This or That: Cast Iron or "Green" Nonstick Pans?

We tried out two alternatives to chemical nonstick pans.

January 27, 2010

Can you handle it? Cast-iron pans are durable, but heavy.

RODALE NEWS, EMMAUS, PA—Cooking at home is better for your health, but it can be a challenge if you don't have good cookware. Unfortunately, most pots and pans used for nonstick cooking, which is supposed to make cookery so much easier, are made with chemicals that have been linked to male infertility, pregnancy difficulties, high cholesterol, and thyroid problems. The experts we've talked to say it's best to phase out your nonstick cookware as it wears out, and cook with it only on low heat until then. But what should you replace it with? There are two main options.


This: Cast Iron

Pros: If properly seasoned, cast iron is naturally nonstick, without any toxic chemical needed. The material heats evenly and retains heat well, making it ideal for any cooking surface (use it in your oven to make the perfect buttery biscuits), for example. And cast-iron pots and pans last forever—some people still use the ones their grandparent handed down to them. That makes cast-iron cookware the most economically and environmentally sound purchase you can make for your kitchen.

Cons: It's heavy, and can be difficult to handle for people with arthritis. Also, unless you've purchased enameled cast-iron pans, it's not a good idea to use them for acidic foods. Tomatoes, citrus juices, beans, and other highly acidic products can eat through a cast-iron pan's seasoning, causing your food to discolor and taste metallic. And some foods, such as eggs, can stick to even the most seasoned pans, and so may require a dab of butter or extra cooking oil.

That: "Green" Nonstick Pans

Pros: A few brands of "green" nonstick have been introduced over the past few years to give people the benefits of nonstick with none of the associated health problems. The ones on the market now are made using nanotechnology and are coated with an ultrathin layer of ceramic. They're much lighter than cast iron, and are truly nonstick, so you can even cook your eggs without that extra butter or cooking oil. And, like cast-iron pans, they're good for use on any cooking surface.

Cons: They certainly don't last a lifetime—that is, none of them have been around for a lifetime, but they're not likely to last that long. As with chemical nonstick finishes, nano ceramic finishes can chip off, particularly around the edges. Heat retention and distribution isn't as good as with cast iron, either. Finally, very little is known about the environmental fate of nanoparticles, and increasing evidence is showing that those tiny particles could cause big-time damage.

This or That? Read on to find out.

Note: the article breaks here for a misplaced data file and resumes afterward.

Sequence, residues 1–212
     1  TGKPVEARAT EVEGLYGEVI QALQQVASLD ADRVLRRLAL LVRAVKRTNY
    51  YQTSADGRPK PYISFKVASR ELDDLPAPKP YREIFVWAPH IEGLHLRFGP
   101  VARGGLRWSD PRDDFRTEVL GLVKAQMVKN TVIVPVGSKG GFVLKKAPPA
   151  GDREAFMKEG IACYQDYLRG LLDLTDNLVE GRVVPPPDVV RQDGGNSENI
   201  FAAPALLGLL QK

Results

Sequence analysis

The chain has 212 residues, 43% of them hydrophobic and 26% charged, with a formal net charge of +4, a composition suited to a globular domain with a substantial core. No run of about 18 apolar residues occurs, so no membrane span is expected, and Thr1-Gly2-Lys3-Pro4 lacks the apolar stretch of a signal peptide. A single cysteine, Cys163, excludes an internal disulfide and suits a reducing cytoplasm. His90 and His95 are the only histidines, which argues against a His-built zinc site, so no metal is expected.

This or That?

Go with…"green" nonstick pans. Most devotees of cast-iron cookware, including this reviewer, will never part with their beloved cast iron. But if you're looking to transition from chemical nonstick to something a little healthier, the green nonstick pans are lightweight, easy to keep clean, and can cook any kind of food, and are therefore the more appealing alternative for most people, despite the questions about their longevity. The most widely available brand in the U.S. is Green Pan, and it can be purchased on the Home Shopping Network and through and other retailers.

If you're interested in giving cast iron a shot, however, here are a few cooking tips to keep cast-iron cookware in good shape and nonstick:

• Keep it seasoned. According to Lodge Manufacturing, cast-iron pans need to be seasoned after each cleaning. That will keep food from sticking, and, if they're seasoned well enough, the company says, they will even be able to tolerate a tomato or two without tasting metallic. Apply a thin layer of vegetable oil to your pan after each cleaning. If you have a pan that looks gray or has rusty spots, Lodge advises that you clean it well with a plastic or nylon brush or scouring pad and let it dry first. Afterward, cover it with oil or melted vegetable shortening, and place it upside down in a 350- to 400-degree oven for an hour. Once the hour is up, turn the oven off and let your pan cool before storing it.

• Clean with care. Never wash a cast-iron pot with soap or harsh detergents, or in a dishwasher. Scrub it down with a scouring pad, and if it needs a more thorough cleaning, boil some water and one tablespoon of baking soda to remove oil and grease. Always dry it when you're finished to prevent rust.

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